Thanks, Freeman. That's a good indicator.

I'm going to use the band saw to rough out the bulk of the stock on the "production" neck, just to save wear & tear on the router bits, and to avoid having to change bits mid-process.
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Re: Neck tenon - how tight? (and the jig I made to do it)

Postby Freeman Keller » Mon Jun 17, 2019 3:44 pm

I try to keep as many straight square sides as possible for as long as possible to reference against. The only thing I use a router for is the truss rod channel and the shape of the head. One trick I recently learned is to use my Safe-t-planer to do the back of the neck - by shimming at the nut end I was able to make that flat and straight.

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Re: Neck tenon - how tight? (and the jig I made to do it)

Postby Bob Francis » Mon Jun 17, 2019 9:32 pm

That is very clever I need to break down and get one.
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Re: Neck tenon - how tight? (and the jig I made to do it)

Postby Barry Daniels » Tue Jun 18, 2019 11:18 am

To answer your question about fit tightness. Yes, glue will swell the wood a bit, so you don't want a real tight fit to start with. However, it shouldn't be a sloppy fit either. And working quickly will also help. Have your clamping figured out beforehand by doing a couple of dry runs.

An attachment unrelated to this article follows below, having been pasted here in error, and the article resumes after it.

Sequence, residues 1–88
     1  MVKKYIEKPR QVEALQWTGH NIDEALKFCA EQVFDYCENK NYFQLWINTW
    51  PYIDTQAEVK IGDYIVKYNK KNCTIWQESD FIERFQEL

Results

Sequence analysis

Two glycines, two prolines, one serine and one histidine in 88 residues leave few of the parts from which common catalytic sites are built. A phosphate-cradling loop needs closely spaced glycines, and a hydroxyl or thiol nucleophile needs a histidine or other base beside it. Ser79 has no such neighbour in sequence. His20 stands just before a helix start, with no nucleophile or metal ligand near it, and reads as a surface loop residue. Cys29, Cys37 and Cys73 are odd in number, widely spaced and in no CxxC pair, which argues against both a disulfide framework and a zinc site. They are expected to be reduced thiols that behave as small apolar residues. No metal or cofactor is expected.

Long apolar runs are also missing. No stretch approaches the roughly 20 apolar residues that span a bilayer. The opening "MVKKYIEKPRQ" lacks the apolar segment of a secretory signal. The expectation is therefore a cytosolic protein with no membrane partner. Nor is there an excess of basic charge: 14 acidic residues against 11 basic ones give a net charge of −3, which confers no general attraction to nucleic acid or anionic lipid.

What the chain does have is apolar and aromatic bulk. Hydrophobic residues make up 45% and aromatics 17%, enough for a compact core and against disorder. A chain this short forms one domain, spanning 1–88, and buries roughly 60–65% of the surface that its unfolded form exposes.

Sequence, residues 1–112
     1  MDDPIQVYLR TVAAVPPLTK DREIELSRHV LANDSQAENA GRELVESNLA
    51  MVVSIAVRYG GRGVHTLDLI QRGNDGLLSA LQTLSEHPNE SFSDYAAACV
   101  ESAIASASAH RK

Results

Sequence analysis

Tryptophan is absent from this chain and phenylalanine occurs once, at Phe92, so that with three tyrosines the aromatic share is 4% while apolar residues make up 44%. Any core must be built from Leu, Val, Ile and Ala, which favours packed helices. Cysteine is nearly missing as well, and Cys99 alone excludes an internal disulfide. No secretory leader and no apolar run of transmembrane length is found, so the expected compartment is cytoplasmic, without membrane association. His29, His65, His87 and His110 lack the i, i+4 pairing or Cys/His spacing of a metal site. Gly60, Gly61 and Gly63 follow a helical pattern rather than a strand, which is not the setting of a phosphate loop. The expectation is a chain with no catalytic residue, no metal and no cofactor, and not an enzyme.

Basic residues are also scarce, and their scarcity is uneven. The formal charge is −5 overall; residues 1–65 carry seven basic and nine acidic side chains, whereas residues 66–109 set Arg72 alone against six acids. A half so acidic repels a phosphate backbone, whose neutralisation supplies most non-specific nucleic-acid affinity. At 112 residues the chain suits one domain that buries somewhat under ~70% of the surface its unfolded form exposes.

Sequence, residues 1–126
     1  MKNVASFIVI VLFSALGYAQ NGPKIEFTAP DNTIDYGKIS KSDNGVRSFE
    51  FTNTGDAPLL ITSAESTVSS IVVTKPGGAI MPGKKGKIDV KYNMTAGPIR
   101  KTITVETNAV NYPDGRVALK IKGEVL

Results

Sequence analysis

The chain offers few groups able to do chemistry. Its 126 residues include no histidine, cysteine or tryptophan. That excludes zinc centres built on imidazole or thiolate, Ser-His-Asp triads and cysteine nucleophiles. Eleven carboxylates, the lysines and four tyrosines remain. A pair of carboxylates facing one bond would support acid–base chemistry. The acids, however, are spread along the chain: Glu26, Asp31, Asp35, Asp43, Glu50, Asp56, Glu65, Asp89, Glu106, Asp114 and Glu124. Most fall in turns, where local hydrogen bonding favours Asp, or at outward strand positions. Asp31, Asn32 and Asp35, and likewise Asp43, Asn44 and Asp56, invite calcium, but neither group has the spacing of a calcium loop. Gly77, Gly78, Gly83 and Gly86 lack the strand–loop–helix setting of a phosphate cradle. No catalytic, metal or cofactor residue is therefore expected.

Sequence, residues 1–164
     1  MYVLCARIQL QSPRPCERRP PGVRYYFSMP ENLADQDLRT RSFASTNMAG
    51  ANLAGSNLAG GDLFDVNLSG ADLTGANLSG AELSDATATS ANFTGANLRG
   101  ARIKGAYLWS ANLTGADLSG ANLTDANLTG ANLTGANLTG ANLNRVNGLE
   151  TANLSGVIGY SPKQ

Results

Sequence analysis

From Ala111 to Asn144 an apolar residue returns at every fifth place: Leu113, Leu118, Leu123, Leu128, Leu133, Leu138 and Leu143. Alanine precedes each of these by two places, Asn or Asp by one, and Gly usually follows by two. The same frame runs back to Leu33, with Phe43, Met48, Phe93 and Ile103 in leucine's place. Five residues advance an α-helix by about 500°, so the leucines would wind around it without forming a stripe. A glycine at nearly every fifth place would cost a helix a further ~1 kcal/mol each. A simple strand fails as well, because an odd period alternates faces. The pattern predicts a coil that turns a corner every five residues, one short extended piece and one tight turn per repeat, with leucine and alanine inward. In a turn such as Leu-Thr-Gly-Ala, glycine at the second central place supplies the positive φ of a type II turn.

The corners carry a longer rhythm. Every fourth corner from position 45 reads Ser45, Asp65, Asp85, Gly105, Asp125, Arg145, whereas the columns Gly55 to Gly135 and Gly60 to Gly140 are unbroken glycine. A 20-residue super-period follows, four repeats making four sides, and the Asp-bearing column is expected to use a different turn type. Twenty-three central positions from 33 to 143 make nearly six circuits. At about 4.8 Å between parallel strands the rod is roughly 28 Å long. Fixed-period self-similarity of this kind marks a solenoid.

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Re: Neck tenon - how tight? (and the jig I made to do it)

Postby Steve Sawyer » Tue Jun 18, 2019 11:46 am

As you can see, I too keep everything straight and square as long as possible. Good suggestion re tapering with the safe-t-planer. This neck only needs to taper about 1/16 from heel to nut, so I'm not sure I'll try that, but I do have two "test" necks to experiment with.
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Re: Neck tenon - how tight? (and the jig I made to do it)

Postby John Clifford » Fri Jun 21, 2019 12:26 am

I use this jig for both my dovetail and mortise and tenon neck joints. I can dial in whatever neck angle I want. For the dovetail joints, a router template fits over the top. For the m&t joints, the surface of the top plate is aligned with the shoulder of the neck joint. Then I use one of those Japanese saws lying flat on the top plate to cut all three sides of the shoulders on the same plane.

I agree with what others have said about the tightness of the dry joint. Being able to pick up the guitar by the neck is a good test.